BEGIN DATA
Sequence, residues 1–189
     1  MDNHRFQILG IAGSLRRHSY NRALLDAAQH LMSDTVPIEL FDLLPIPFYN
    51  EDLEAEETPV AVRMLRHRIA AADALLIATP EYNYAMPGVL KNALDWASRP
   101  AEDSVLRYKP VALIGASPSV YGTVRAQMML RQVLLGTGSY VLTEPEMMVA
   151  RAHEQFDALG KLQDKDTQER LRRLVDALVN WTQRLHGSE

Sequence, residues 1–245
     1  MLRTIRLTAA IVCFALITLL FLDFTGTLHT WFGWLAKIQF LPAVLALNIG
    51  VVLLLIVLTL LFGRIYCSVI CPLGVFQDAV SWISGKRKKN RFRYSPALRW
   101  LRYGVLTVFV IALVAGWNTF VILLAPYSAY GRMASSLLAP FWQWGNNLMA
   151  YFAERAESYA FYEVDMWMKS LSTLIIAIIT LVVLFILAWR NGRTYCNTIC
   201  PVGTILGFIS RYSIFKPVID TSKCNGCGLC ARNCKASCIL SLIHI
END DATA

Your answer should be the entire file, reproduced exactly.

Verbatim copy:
Sequence, residues 1–189
     1  MDNHRFQILG IAGSLRRHSY NRALLDAAQH LMSDTVPIEL FDLLPIPFYN
    51  EDLEAEETPV AVRMLRHRIA AADALLIATP EYNYAMPGVL KNALDWASRP
   101  AEDSVLRYKP VALIGASPSV YGTVRAQMML RQVLLGTGSY VLTEPEMMVA
   151  RAHEQFDALG KLQDKDTQER LRRLVDALVN WTQRLHGSE

Sequence, residues 1–245
     1  MLRTIRLTAA IVCFALITLL FLDFTGTLHT WFGWLAKIQF LPAVLALNIG
    51  VVLLLIVLTL LFGRIYCSVI CPLGVFQDAV SWISGKRKKN RFRYSPALRW
   101  LRYGVLTVFV IALVAGWNTF VILLAPYSAY GRMASSLLAP FWQWGNNLMA
   151  YFAERAESYA FYEVDMWMKS LSTLIIAIIT LVVLFILAWR NGRTYCNTIC
   201  PVGTILGFIS RYSIFKPVID TSKCNGCGLC ARNCKASCIL SLIHI